respect to Taliban because of its hosting of bin Laden. The Clinton
determination and related Executive Order 13129 had blocked
Taliban assets and property in the United States, banned U.S. trade
with Taliban-controlled areas of Afghanistan, and applied these
sanctions to Ariana Afghan Airlines, triggering a blocking of Ariana
assets (about $500,000) in the United States and a ban on U.S.
citizens’ flying on the airline. (The ban on trade with Talibancontrolled territory had essentially ended on January 29, 2002 when
the State Department determination that the Taliban controls no
territory within Afghanistan.)
U.N. sanctions on the Taliban imposed by Resolution 1267 (October
15, 1999), Resolution 1333 (December 19, 2000),and Resolution
1363 (July 30, 2001) have now been narrowed to penalize only Al
Qaeda (by Resolution 1390, January 17, 2002). Resolution 1267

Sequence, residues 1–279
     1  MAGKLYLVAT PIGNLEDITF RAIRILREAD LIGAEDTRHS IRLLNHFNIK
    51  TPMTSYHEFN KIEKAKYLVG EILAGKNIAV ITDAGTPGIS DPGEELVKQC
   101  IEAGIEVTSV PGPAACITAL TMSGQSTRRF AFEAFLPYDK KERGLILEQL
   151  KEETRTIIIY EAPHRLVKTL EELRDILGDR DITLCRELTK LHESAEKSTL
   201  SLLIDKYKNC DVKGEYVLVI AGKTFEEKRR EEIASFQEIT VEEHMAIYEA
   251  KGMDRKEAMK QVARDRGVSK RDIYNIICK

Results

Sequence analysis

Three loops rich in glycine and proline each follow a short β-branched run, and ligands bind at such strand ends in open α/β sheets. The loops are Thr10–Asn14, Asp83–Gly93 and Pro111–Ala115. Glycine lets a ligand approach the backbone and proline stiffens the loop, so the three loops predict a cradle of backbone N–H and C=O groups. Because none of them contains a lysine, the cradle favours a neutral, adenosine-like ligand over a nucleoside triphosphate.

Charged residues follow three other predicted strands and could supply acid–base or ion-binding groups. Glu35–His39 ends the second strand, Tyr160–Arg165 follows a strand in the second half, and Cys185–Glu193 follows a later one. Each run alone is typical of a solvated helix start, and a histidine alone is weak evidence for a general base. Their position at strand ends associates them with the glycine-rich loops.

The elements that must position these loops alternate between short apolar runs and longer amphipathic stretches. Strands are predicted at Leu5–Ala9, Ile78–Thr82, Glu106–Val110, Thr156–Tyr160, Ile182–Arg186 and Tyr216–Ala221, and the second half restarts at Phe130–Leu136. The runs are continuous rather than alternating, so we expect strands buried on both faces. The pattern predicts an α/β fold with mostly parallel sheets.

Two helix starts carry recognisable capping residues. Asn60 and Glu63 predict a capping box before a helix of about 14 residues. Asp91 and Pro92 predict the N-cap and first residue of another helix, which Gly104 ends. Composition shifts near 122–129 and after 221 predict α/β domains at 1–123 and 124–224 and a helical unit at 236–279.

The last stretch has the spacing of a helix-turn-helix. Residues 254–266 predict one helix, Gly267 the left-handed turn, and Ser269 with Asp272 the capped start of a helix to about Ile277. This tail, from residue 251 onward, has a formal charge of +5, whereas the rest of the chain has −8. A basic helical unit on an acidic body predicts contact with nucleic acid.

banned flights outside Afghanistan by its national airline (Ariana),
and directed U.N. member states to freeze Taliban assets.
Resolution 1333 prohibited the provision of arms or military advice
to the Taliban (directed against Pakistan); directing a reduction of
Taliban diplomatic representation abroad; and banning foreign travel
by senior Taliban officials. Resolution 1363 provided for monitors
in Pakistan to ensure that no weapons or military advice was
provided to the Taliban.
P.L. 108-458 (December 17, 2004, referencing the 9/11 Commission
recommendations) repeals bans on aid to Afghanistan outright,
completing a pre-Taliban effort by President George H.W. Bush to
restore aid and credits to Afghanistan. On October 7, 1992, he had
issued Presidential Determination 93-3 that Afghanistan is no longer
a Marxist-Leninist country, but the determination was not
implemented before he left office. Had it been implemented, the
prohibition on Afghanistan’s receiving Export-Import Bank
guarantees, insurance, or credits for purchases under Section 8 of the
1986 Export-Import Bank Act, would have been lifted. In addition,
Afghanistan would have been able to receive U.S. assistance because
the requirement would have been waived that Afghanistan apologize
for the 1979 killing in Kabul of U.S. Ambassador to Afghanistan
Adolph “Spike” Dubs. (Dubs was kidnapped in Kabul in 1979 and
killed when Afghan police stormed the hideout where he was held.)
Figure 1. Map of Afghanistan